In Black & White


Title Page
Under the Hill

The Art of the Hoarding
Letters to his Critics
   Pall Mall Budget
   Daily Chronicle
   St. Paul’s
Table Talk
Lines upon Pictures
   St Rose of Lima

The Three Musicians
The Ballad of a Barber
Ave Atque Vale
The Celestial Lover
The Ivory Piece
Prospectus for Volpone

Appendix : Juvenilia
The Valiant
A Ride in an Omnibus
The Confession Album
The Courts of Love
Dante in Exile
Written in Uncertainty
The Morte Darthur

Enoch Soames

Under the Hill
Under the Hill

Chapter II
The Toilet of Venus
The Abbé

How the Chevalier Tannhäuser entered into the Hill of Venus

The Chevalier Tannhäuser, having lighted off his horse, stood doubtfully for a moment beneath the ombre gateway of the mysterious Hill, troubled with an exquisite fear lest a day’s travel should have too cruelly undone the laboured niceness of his dress. His hand, slim and gracious as La Marquise du Deffand’s in the drawing by Carmontelle, played nervously about the gold hair that fell upon his shoulders like a finely-curled peruke, and from point to point of a precise toilet the fingers wandered, quelling the little mutinies of cravat and ruffle.

It was taper-time; when the tired earth puts on its cloak of mists and shadows, when the enchanted woods are stirred with light footfalls and slender voices of the fairies, when all the air is full of delicate influences, and even the beaux, seated at their dressing-tables, dream a little.

A delicious moment, thought Tannhäuser, to slip into exile.

The place where he stood waved drowsily with strange flowers, heavy with perfume, dripping with odours. Gloomy and nameless weeds not to be found in Mentzelius. Huge moths, so richly winged they must have banqueted upon tapestries and royal stuffs, slept on the pillars that flanked either side of the gateway, and the eyes of all the moths remained open and were burning and bursting with a mesh of veins. The pillars were fashioned in some pale stone and rose up like hymns in the praise of pleasure, for from cap to base, each one was carved with loving sculptures, showing such a cunning invention and such a curious knowledge, that Tannhäuser lingered not a little in reviewing them. They surpassed all that Japan has ever pictured from her maisons vertes, all that was ever painted in the cool bathrooms of Cardinal La Motte, and even outdid the astonishing illustrations to Jones’s Nursery Numbers.

“A pretty portal,” murmured the Chevalier, correcting his sash.

As he spoke, a faint sound of singing was breathed out from the mountain, faint music as strange and distant as sea-legends that are heard in shells. “The Vespers of Venus, I take it,” said Tannhäuser, and struck a few chords of accompaniment, ever so lightly, upon his little lute. Softly across the spell-bound threshold the song floated and wreathed itself about the subtle columns, till the moths were touched with passion and moved quaintly in their sleep. One of them was awakened by the intenser notes of the Chevalier’s lute-strings, and fluttered into the cave. Tannhäuser felt it was his cue for entry. “Adieu,” he exclaimed with an inclusive gesture, “and goodbye, Madonna,” as the cold circle of the moon began to show, beautiful and full of enchantments. There was a shadow of sentiment in his voice as he spoke the words.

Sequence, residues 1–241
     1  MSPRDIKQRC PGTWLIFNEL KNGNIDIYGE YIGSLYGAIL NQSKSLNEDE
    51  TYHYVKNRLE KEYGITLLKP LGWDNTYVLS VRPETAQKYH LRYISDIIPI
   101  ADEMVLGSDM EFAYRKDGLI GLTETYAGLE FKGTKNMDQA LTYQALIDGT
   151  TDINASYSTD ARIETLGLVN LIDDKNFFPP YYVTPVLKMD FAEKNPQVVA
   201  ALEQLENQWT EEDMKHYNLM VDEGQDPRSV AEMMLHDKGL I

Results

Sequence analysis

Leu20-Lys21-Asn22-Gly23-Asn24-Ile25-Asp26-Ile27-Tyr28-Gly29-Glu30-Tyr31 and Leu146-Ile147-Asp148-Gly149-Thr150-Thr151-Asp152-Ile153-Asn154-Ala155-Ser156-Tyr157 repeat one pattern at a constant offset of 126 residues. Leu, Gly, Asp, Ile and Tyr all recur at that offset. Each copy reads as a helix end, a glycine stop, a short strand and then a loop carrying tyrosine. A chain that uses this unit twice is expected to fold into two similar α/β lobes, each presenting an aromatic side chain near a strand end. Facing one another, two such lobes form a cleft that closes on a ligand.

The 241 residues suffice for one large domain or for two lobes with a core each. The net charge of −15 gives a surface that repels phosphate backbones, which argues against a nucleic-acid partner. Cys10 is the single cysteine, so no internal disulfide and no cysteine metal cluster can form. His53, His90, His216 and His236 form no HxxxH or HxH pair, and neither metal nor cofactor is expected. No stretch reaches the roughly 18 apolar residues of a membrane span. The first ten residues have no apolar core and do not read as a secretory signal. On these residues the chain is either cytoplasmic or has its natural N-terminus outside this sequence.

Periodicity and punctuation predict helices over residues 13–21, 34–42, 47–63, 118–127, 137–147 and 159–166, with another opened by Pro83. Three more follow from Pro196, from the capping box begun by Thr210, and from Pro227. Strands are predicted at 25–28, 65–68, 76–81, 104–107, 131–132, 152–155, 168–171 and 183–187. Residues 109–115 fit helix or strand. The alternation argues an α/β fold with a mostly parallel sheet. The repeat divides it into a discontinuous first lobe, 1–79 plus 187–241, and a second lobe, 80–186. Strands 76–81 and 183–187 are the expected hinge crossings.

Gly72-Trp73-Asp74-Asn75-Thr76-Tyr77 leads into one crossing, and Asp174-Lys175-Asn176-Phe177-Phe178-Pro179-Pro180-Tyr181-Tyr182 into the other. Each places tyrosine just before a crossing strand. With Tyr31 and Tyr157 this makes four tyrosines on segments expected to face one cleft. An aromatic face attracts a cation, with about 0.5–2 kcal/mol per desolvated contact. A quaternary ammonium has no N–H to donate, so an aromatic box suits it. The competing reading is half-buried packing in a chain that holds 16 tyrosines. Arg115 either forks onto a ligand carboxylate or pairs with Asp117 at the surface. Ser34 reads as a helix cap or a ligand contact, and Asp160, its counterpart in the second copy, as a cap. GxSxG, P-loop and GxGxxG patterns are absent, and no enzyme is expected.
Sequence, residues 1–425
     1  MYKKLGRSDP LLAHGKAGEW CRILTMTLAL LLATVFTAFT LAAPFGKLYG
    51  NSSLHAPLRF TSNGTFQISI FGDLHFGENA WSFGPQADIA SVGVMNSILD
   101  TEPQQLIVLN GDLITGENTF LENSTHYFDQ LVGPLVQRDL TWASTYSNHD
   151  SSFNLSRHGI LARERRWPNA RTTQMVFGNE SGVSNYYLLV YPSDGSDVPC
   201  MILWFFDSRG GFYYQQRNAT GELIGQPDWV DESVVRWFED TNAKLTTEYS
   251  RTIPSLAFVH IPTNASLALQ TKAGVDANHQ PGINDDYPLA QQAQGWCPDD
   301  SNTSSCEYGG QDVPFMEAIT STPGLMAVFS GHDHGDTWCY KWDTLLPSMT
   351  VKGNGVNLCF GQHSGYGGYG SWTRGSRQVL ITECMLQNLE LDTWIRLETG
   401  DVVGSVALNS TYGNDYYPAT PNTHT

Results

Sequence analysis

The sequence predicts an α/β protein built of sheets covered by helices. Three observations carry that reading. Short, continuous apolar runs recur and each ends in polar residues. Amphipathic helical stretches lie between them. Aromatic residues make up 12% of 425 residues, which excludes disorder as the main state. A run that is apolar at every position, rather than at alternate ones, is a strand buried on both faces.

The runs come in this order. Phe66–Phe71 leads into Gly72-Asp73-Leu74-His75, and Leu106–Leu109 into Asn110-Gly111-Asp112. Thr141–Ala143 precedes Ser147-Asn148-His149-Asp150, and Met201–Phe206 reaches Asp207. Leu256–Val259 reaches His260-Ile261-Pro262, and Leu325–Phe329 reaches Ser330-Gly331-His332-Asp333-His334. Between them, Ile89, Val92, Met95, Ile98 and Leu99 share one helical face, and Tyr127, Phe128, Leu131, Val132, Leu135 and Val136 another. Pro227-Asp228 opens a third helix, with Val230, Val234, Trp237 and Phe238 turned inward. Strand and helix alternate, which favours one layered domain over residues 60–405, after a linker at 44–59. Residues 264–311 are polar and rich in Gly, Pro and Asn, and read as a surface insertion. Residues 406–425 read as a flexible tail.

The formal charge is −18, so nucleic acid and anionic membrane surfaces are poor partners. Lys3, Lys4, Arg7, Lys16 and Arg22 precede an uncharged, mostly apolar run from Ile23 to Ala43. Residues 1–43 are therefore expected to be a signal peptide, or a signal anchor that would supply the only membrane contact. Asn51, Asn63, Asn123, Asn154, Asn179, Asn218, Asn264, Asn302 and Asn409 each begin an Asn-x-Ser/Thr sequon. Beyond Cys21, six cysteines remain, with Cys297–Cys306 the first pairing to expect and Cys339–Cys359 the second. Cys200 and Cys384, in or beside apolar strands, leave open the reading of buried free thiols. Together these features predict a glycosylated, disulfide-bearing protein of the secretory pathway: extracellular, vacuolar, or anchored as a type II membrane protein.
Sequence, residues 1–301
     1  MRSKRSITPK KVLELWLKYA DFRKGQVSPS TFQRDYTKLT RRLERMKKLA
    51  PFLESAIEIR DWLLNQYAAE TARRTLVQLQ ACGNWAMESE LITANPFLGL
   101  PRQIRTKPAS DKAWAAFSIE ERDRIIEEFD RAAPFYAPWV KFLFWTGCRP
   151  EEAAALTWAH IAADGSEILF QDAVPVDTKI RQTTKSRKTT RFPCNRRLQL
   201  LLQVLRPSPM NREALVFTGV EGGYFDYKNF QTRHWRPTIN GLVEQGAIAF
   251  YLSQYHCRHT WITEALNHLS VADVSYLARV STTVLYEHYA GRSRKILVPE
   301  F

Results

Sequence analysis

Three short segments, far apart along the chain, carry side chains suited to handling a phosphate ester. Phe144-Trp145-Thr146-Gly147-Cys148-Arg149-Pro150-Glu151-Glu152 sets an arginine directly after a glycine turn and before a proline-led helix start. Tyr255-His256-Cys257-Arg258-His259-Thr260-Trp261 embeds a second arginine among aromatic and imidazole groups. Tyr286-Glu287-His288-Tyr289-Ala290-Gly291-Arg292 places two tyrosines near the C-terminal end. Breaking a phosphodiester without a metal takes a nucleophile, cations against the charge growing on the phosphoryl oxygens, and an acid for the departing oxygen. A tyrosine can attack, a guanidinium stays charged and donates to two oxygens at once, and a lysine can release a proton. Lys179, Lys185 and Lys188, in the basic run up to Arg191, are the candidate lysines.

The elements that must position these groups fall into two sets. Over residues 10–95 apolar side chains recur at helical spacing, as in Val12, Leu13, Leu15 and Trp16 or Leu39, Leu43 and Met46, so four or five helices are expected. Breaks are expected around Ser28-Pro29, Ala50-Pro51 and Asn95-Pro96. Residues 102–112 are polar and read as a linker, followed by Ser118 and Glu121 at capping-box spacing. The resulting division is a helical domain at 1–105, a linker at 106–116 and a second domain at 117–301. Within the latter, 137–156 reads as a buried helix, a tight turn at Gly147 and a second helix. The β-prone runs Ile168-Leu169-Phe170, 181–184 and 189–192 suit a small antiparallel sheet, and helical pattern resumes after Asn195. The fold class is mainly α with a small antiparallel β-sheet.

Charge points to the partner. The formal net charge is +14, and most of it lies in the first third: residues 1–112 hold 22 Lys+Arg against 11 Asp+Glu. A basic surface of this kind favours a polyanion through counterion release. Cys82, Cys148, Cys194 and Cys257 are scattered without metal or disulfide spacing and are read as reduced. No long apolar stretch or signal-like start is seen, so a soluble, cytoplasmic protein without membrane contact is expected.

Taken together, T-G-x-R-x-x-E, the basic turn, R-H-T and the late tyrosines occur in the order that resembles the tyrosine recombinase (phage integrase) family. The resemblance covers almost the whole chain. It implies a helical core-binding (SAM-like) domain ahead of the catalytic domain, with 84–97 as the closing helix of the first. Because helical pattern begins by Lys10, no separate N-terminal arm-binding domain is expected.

“Would to heaven,” he sighed, “I might receive the assurance of a looking-glass before I make my debut! However, as she is a goddess, I doubt not her eyes are a little sated with perfection, and may not be displeased to see it crowned with a tiny fault.”

A wild rose had caught upon the trimmings of his ruff, and in the first flush of displeasure he would have struck it brusquely away, and most severely punished the offending flower. But the ruffled mood lasted only a moment, for there was something so deliciously incongruous in the hardy petals’ invasion of so delicate a thing, that Tannhäuser withheld the finger of resentment and vowed that the wild rose should stay where it had clung—a passport, as it were, from the upper to the lower world. “The very excess and violence of the fault,” he said, “will be its excuse”; and, undoing a tangle in the tassel of his stick, stepped into the shadowy corridor that ran into the bosom of the wan hill—stepped with the admirable aplomb and unwrinkled suavity of Don John.

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